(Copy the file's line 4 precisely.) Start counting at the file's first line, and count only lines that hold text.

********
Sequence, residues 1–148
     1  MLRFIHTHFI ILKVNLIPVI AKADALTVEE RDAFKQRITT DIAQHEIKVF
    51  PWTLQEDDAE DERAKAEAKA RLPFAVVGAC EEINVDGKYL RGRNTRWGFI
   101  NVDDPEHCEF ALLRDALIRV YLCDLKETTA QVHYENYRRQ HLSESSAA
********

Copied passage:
   101  NVDDPEHCEF ALLRDALIRV YLCDLKETTA QVHYENYRRQ HLSESSAA